Thursday, March 29, 2012

Lifting in the 5th Dimension, Part Seven - Thomas Foote


In the first part of this chapter Path Finder asked The Kid where it felt like he inhabited his body. For reasons you probably consider obvious most people imagine they sit somewhere in their own skulls and direct the traffic. To a large extent this sensation of occupying your body from an area behind your eyes is an example of our world view at work. It is also undoubtedly a result of our heavy reliance on vision. In contrast, my dog probably thinks his nose is the obvious seat of his consciousness.

One of the early comments the Roshi made in Aikido was that the Hara is the center of our being. It was the center of consciousness from which all action radiated. This sounds pretty far-fetched, but all he meant was that we could move our sense of self-awareness from behind our eyes down to our center of gravity. This takes practice, but there doesn't seem to be any reason why one body part should be more privileged than another. The criterion should be functional. Aikido convinced me that it was more functional to emphasize the Hara instead of the head.

Sounds good!

But how do you do it?

Let's go back to the Power Glide. I've already said that you have to feel the Hara, rather than simply enjoy the idea. Feel it you must, but I believe that is too weak an interpretation. You need to bring your awareness to rest within your center as though gravity had pulled it there. Assume the Power Glide posture and begin to sway. Concentrate your awareness into the region of your lower abdomen and hips. Visualize the movement over a level plain. Feel the muscles in your hips and abdomen as they synchronize the motion. Feel the tug of gravity against the mass of your body that centers in your abdomen as it pivots over your feet. With your awareness, follow the flow of resistance down through your legs and, finally, feel the even distribution of pressure across the surfaces of your feet where they contact the floor. While you perform this exercise, breathe slowly and deeply from the diaphragm. Imagine that your breath is being drawn to the Hara and expelled from it. It is your Hara that breathes.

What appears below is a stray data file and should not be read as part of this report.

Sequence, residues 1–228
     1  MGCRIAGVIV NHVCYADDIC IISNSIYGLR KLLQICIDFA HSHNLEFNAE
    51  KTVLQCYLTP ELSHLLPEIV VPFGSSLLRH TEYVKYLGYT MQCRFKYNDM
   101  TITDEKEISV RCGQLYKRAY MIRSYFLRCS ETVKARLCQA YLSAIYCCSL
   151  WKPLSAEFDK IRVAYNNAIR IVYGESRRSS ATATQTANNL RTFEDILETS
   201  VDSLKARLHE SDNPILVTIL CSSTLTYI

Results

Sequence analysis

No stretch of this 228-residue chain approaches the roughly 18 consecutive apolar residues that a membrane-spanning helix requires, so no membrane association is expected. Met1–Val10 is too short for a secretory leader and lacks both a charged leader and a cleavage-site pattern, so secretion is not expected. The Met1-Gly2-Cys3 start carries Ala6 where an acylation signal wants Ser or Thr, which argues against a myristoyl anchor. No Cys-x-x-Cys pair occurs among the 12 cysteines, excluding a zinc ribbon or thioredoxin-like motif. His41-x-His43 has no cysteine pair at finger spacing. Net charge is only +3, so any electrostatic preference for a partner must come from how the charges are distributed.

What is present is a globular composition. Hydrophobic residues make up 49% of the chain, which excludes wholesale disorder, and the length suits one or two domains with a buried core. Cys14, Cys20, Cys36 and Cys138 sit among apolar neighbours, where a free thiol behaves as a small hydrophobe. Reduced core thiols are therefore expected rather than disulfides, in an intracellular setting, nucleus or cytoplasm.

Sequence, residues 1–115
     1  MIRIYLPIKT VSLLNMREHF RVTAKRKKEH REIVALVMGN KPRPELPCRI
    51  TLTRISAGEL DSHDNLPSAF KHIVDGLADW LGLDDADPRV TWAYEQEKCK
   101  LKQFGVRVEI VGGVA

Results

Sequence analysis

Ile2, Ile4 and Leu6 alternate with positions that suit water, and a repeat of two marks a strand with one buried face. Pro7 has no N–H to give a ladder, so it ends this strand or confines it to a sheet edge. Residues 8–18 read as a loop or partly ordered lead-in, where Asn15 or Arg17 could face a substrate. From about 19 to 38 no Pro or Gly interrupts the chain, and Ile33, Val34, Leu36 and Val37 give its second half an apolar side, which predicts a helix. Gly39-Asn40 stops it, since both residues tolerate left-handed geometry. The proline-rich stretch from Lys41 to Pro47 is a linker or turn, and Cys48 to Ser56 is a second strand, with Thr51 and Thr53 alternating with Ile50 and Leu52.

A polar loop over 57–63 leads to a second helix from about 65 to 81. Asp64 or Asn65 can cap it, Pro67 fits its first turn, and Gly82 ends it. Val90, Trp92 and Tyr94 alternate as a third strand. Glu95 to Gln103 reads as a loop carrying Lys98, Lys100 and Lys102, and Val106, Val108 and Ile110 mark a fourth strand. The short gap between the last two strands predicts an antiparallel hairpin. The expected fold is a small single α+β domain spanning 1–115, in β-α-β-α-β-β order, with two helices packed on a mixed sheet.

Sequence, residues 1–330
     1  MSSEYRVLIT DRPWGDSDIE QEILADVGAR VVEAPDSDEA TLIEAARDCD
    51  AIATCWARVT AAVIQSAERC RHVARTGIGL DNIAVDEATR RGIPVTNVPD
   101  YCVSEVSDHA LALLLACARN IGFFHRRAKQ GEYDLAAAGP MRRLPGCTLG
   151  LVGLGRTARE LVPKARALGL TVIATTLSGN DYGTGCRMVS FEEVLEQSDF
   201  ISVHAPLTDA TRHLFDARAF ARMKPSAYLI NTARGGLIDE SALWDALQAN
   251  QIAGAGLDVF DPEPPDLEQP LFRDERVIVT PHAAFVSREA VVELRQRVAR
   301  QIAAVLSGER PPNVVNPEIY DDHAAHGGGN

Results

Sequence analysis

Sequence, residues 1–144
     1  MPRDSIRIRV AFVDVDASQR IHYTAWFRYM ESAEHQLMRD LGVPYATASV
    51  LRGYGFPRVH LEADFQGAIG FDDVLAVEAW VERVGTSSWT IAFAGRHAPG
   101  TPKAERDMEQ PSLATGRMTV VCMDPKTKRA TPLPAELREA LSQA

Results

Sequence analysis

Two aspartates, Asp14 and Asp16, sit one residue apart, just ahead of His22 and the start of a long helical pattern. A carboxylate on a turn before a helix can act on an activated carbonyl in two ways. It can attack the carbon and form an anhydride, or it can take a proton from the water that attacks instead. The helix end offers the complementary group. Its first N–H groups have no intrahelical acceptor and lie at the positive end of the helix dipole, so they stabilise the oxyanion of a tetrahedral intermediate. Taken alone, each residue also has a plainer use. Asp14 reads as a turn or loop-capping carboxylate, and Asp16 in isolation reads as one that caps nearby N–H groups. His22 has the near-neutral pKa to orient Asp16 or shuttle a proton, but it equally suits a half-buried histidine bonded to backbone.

Sometimes I also visualize a bright, incandescent light which glows and radiates in the Hara. When I inhale, it glows blue-white, like coals in a fire when you blow on them. When I exhale, it still burns strong but with a warm red-orange.

Hara Power

The Power Glide is a basic exercise. We practiced it at each class and were encouraged to practice on our own time as well. And what will this new-found awareness of you Hara do for you? Well, I remember one student's verbal account of spontaneously experiencing the Hara away from class. This guy was a very down-to-earth working man who had practiced Aikido for several years. One night, when he came to class, he was very excited to share what had happened that afternoon. He was downtown just ambling down the sidewalk when -- WHAM! -- his legs felt as powerful as tree trunks rooted right there in the concrete slabs. Along with this sense of being deeply rooted to the Earth, he felt he could move with incredible strength. He said he felt he could have turned to the marble wall of the bank and he stood by and pushed it over. By this time we had witnessed enough which was out of the ordinary in that old shack of a dojo that I didn't doubt him. In fact, what he said about super strength just seemed natural in that context.